Monday, February 10, 2014

CbsoP 15 Bean Soup and Ham Hocks with Treasured Alabama Recipes' Favorite Egg Bread

My father used to make soup with ham hocks when I was a kid, but I was always content to remain ignorant of what exactly these gnarly-looking swine pieces actually were. It turns out they're basically ankles; mostly skin, bone, cartilage, and a few tendrils of meat.

You're likely to encounter then, if at all, salted and smoked, so the one key thing to remember about cooking with them is too hold off on seasoning anything they're a part of until you can gauge how much saltiness they're likely to impart to the final product.

There are dozens, if not hundreds of multi-bean and ham soup recipes out there, including the ones on the back of pretty much every plastic bag of bean soup mix you can find. I decided to go with Jerry Russell's "15 Bean Soup with Smoked Ham Hocks" recipe from his site Cooking, by the seat of my Pants. It starts with sweating onions and garlic in some oil, adding the hocks after a decent interval.

The beans, water, and chicken stock then get added. The CbsoP recipe calls for simmering from 1.5 to 2 hours, but I found this to be far too little time - my larger beans were still tooth-crackingly hard. My Dutch oven ended up on the stove for more like 3 hours. This was actually an advantage, as the more time the ham hocks have to soften the more flavor they'll give up.

When the beans themselves are ready, get ready to scoop out the ham hocks and dig through the now-gelatinous masses for whatever bits of actual pork you can, slicing it off and adding to back to the soup. As with many bean soup recipes, CbsoP also calls for adding a large can of diced tomatoes, including the juice. After another 15-20 minutes of simmering, you're ready to serve.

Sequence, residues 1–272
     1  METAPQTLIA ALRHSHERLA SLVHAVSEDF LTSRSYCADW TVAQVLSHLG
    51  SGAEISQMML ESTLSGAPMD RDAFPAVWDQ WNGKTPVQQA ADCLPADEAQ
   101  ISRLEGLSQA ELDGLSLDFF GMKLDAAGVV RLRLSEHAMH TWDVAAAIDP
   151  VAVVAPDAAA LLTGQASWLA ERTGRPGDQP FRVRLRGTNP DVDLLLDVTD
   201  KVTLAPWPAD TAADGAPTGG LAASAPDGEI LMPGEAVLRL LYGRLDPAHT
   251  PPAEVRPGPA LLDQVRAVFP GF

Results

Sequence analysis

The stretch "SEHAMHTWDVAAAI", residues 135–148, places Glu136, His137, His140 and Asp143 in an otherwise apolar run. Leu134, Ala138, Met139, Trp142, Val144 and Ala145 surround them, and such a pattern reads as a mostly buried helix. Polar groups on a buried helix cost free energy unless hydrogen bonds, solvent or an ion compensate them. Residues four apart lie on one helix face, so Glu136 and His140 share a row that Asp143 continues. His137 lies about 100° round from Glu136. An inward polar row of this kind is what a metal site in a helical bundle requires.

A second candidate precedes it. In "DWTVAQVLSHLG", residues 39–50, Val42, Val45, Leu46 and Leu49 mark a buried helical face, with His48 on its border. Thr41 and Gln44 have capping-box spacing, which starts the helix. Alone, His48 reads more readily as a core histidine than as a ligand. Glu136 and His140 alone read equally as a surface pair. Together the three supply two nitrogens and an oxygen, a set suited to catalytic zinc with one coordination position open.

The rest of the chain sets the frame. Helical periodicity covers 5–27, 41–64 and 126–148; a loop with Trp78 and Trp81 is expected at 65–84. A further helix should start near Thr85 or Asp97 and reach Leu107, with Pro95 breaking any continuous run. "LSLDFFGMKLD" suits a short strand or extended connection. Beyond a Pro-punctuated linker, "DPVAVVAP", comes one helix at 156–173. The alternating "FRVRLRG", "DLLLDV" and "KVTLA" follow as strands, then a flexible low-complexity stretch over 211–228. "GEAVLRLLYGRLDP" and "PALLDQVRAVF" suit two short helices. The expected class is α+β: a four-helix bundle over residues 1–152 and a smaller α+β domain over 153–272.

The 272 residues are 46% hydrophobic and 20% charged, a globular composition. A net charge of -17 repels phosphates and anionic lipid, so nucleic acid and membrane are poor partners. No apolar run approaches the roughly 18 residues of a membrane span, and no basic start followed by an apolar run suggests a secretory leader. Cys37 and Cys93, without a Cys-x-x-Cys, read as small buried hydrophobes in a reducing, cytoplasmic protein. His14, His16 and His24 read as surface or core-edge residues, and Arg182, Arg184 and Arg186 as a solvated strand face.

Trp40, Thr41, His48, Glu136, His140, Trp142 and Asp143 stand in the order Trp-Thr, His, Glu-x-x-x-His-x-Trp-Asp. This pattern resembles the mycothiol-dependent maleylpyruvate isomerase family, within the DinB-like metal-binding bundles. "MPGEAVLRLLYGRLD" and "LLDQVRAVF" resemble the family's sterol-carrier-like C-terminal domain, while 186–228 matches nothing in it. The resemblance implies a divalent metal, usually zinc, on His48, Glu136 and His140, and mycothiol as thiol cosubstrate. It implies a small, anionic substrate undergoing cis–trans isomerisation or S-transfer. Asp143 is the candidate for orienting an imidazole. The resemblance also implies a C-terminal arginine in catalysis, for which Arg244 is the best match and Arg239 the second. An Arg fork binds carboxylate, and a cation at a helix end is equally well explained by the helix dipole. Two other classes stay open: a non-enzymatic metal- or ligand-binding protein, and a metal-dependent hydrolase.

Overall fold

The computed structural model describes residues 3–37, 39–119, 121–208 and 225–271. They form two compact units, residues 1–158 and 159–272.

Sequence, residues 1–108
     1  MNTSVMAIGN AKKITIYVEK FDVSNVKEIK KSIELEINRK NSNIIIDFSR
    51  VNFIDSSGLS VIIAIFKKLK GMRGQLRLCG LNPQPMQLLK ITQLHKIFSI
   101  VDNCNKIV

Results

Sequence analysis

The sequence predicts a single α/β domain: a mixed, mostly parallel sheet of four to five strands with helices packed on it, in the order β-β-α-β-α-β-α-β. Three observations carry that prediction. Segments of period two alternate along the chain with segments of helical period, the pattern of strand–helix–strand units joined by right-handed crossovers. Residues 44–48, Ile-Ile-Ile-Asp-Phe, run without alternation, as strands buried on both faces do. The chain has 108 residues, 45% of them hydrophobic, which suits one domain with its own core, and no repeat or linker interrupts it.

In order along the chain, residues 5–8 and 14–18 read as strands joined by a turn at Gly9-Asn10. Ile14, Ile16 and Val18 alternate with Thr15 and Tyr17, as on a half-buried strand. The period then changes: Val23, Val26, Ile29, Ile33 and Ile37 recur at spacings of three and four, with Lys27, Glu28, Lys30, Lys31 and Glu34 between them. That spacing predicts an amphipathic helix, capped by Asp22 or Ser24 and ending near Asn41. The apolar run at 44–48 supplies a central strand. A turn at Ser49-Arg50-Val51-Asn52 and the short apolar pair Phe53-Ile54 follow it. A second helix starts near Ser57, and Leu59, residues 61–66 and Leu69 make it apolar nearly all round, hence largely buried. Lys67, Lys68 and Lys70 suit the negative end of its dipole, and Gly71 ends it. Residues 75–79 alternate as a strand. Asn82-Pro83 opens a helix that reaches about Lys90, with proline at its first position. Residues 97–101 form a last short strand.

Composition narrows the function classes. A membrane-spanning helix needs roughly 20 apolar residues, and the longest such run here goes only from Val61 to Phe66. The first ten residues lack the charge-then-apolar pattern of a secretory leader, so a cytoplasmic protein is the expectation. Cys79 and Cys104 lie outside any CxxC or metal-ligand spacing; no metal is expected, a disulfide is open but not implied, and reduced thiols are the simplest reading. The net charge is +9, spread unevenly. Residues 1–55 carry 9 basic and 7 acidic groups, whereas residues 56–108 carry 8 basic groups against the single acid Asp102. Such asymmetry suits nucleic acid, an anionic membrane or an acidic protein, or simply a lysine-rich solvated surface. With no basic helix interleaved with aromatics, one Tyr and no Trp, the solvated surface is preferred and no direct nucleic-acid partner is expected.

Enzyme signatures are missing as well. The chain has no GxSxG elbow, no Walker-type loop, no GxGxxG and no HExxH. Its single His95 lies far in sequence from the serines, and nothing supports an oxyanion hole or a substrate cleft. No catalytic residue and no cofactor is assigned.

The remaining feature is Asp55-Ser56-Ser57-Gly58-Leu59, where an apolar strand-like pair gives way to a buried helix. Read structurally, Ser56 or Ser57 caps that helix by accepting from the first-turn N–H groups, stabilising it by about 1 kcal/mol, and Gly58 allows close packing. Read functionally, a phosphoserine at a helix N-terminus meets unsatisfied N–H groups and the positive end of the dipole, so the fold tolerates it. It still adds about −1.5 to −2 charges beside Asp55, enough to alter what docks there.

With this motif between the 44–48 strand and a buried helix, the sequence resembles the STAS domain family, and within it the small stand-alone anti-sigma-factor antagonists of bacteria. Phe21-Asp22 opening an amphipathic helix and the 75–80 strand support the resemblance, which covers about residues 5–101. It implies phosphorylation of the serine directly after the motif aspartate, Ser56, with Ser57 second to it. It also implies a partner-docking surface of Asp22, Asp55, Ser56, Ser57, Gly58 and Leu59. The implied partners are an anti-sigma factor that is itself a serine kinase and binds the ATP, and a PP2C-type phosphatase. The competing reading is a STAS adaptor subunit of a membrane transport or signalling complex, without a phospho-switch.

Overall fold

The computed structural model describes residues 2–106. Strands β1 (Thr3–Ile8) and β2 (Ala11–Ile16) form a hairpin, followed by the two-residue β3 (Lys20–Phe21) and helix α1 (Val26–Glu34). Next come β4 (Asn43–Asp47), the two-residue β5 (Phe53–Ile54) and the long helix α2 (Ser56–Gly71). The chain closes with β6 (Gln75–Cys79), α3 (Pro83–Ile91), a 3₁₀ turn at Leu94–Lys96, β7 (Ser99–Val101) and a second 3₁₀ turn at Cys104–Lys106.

The soup is a perfectly cromulent meal all to itself, but I decided, in honor of my father's historic preference, to supplement it with some corn bread. I skipped his personal favorite, the box of Jiffy corn muffin mix, and instead prepared the misleadingly-named "Favorite Egg Bread" from page 55 of Treasured Alabama Recipes. This is actually just cornbread made with buttermilk and shortening (and eggs) in a cast iron skillet, though I don't doubt it is a favorite of many who have eaten it.

Having cut myself a first slice out of the skillet, I realized it reminded me of a certain ravenous video game character, so I decided to add a strategically-placed bit of blackberry jam to create the illusion of an eye. Pac-Man Corn Bread, everyone.

This is one of those types of dishes that's inevitably described as being better the next day/week/geological era, so I had no qualms about consuming the final bowl several days after the initial preparation. Good to the last legume.